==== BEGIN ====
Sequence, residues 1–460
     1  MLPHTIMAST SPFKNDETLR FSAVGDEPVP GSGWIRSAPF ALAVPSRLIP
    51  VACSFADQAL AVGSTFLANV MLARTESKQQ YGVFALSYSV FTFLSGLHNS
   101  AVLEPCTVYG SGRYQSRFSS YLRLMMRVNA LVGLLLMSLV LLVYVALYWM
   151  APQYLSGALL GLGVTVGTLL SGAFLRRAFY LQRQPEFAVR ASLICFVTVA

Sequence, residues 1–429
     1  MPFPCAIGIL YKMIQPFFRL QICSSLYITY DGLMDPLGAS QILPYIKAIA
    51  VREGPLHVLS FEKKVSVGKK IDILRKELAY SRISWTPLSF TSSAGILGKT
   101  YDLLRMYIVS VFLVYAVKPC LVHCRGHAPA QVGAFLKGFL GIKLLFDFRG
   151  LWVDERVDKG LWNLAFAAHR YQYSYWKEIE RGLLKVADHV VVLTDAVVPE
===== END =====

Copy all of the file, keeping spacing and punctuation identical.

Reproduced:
Sequence, residues 1–460
     1  MLPHTIMAST SPFKNDETLR FSAVGDEPVP GSGWIRSAPF ALAVPSRLIP
    51  VACSFADQAL AVGSTFLANV MLARTESKQQ YGVFALSYSV FTFLSGLHNS
   101  AVLEPCTVYG SGRYQSRFSS YLRLMMRVNA LVGLLLMSLV LLVYVALYWM
   151  APQYLSGALL GLGVTVGTLL SGAFLRRAFY LQRQPEFAVR ASLICFVTVA

Sequence, residues 1–429
     1  MPFPCAIGIL YKMIQPFFRL QICSSLYITY DGLMDPLGAS QILPYIKAIA
    51  VREGPLHVLS FEKKVSVGKK IDILRKELAY SRISWTPLSF TSSAGILGKT
   101  YDLLRMYIVS VFLVYAVKPC LVHCRGHAPA QVGAFLKGFL GIKLLFDFRG
   151  LWVDERVDKG LWNLAFAAHR YQYSYWKEIE RGLLKVADHV VVLTDAVVPE